One thing was for certain after the dust settled at UFC Fight Night 33 in Brisbane. Austalia. Antonio “Bigfoot” Silva and Mark Hunt put on one of the best heavyweight fights in UFC history. Silva and Hunt went back and forth for 25 minutes in their instant “fight of the year” nominee, and the judges cageside decided that the bout was a majority draw. The draw feels right. After all of the skill, heart and blood that poured out of both fighters right in front of our eyes, it’s hard to say one was the better fighter. However, that is their job, and to me the score cards felt like a case of a hometown decision (note: I understand Hunt is from New Zealand, but it was pretty clear who the hometown favorite was in Brisbane on Saturday morning.)
When I look at the judges scorecards from the bout, all three did their job for four rounds, but then two of them independently decided that the fifth round would be a 10-8 round for Hunt. Two judges, who knew a 10-8 round would knot up their score cards, decided that round 5 would be a 10-8 round. Despite it being not even the most one sided round in the fight, two judges decided to make the round a 10-8 for the hometown fighter. The last two minutes of the fourth round were the only really one-sided moment of the fight. The round ended with Silva in full mount and Steve Percival telling Hunt to fight back as if he was going to stop the fight.
This is not a critique about the current scoring system in MMA because in my mind this is more about consistency. If I was going to liberally start throwing around 10-8 scores in this fight, I would have given a 10-8 round to Hunt in the third and one to Silva in the fourth. In fact, when I figured out the math in my head on Friday night, I was certain the round Hunt received a 10-8 in was the third. It just really seems like a weird time for the judges to start throwing around 10-8 rounds.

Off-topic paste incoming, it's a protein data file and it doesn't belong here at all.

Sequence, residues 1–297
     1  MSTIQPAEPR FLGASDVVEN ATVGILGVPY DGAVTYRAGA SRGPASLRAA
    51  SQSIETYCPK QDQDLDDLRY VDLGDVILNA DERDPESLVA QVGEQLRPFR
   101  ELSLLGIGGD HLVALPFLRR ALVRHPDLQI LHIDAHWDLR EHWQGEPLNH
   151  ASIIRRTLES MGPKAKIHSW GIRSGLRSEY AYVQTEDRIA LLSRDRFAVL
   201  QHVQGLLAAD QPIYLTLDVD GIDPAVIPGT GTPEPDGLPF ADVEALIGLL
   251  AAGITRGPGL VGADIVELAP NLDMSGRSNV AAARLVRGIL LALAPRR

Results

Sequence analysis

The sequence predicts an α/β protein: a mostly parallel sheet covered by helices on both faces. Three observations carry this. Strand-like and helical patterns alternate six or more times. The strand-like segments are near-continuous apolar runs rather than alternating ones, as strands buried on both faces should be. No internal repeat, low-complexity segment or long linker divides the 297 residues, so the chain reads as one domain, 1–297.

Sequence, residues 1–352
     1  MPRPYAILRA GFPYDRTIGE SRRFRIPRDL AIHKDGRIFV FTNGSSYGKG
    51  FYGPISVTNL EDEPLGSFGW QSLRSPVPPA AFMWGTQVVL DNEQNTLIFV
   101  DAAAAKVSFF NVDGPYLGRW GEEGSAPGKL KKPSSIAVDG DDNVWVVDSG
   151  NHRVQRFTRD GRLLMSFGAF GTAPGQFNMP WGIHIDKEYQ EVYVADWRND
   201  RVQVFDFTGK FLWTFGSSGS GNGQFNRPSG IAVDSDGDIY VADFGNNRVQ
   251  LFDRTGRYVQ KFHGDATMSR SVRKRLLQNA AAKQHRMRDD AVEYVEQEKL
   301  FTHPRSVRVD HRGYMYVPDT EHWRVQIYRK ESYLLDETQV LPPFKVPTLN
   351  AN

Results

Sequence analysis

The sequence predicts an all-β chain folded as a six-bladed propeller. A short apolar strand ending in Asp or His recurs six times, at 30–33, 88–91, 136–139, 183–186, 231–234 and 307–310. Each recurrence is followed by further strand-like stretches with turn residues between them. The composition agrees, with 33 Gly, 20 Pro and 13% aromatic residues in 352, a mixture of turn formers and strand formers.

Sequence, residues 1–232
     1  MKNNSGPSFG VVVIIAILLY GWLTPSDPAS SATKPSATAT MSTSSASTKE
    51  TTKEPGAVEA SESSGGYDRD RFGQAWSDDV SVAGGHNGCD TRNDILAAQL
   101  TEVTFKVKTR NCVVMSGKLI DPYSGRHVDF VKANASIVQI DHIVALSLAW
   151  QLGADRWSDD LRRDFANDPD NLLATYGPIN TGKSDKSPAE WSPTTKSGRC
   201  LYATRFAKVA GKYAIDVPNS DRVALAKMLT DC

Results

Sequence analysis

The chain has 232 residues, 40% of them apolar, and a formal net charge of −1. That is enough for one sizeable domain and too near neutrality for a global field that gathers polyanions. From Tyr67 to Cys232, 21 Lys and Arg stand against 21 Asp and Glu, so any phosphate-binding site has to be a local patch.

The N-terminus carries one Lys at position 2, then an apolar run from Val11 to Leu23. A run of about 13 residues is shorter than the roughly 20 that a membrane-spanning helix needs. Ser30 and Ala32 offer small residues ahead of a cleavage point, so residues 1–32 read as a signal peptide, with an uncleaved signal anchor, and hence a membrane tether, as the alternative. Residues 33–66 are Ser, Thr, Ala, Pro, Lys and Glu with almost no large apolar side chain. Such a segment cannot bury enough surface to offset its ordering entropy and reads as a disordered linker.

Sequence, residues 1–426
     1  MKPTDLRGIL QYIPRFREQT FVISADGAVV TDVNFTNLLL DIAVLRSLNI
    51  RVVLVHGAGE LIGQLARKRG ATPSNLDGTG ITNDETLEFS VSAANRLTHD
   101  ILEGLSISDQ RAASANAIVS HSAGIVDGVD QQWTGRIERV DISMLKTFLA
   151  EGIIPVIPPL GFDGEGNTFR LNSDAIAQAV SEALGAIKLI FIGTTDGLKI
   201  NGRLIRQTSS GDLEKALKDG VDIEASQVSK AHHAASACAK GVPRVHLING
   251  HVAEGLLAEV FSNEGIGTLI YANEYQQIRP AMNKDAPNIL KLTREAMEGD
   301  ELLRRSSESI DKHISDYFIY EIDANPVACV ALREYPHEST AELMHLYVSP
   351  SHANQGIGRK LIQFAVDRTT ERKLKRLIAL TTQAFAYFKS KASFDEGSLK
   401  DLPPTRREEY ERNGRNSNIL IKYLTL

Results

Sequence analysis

UFC Fight Night 33 Hunt Vs Silva Highlights:
Over and over again I keep seeing this comparison of one 10-9 round to another. The question always goes like this. In one fight, Fighter A beats the holy hell out of fighter B, and Fighter A gets the round 10-9. In the other fight, Fighter A does just just enough to win a close round with a takedown on Fighter B, and also gets a 10-9. The complaint is these two rounds look nothing alike but they received the same score. However, these things happen in sports all the time, and the score doesn’t always tell the story. When it’s halftime in a football game, and the score is 10-9, one would likely make the argument that it was a close half. Even though you could look at the statistics and figure out the team who scored 9 points put in 3 field goals on turnovers on dumb mistakes from the other team. My only point here is that the scores don’t always tell the story.
I hope this piece doesn’t come off as me hating on this fight or the fighters. Since I started reporting over five years ago, this was without a doubt the best heavyweight fight I have ever covered. UFC President Dana White said he might buy the two an island for their work, and If he had the assets Richard Branson has, Hunt and Bigfoot would be dividing up Necker Island ‘I Love Lucy’ style with a line right down the middle of it. Nonetheless, I do think this fight is an example of more inconsistencies in MMA judging, but no one seems to be pointing that out because the fight was so good ‘no one deserved to lose.’
I have been doing this long enough to realize that the rematch will likely not be as exciting as the first fight, but based on their performances this is the fight I am looking forward to the most in 2014.
Photo courtesy of MMAWeekly.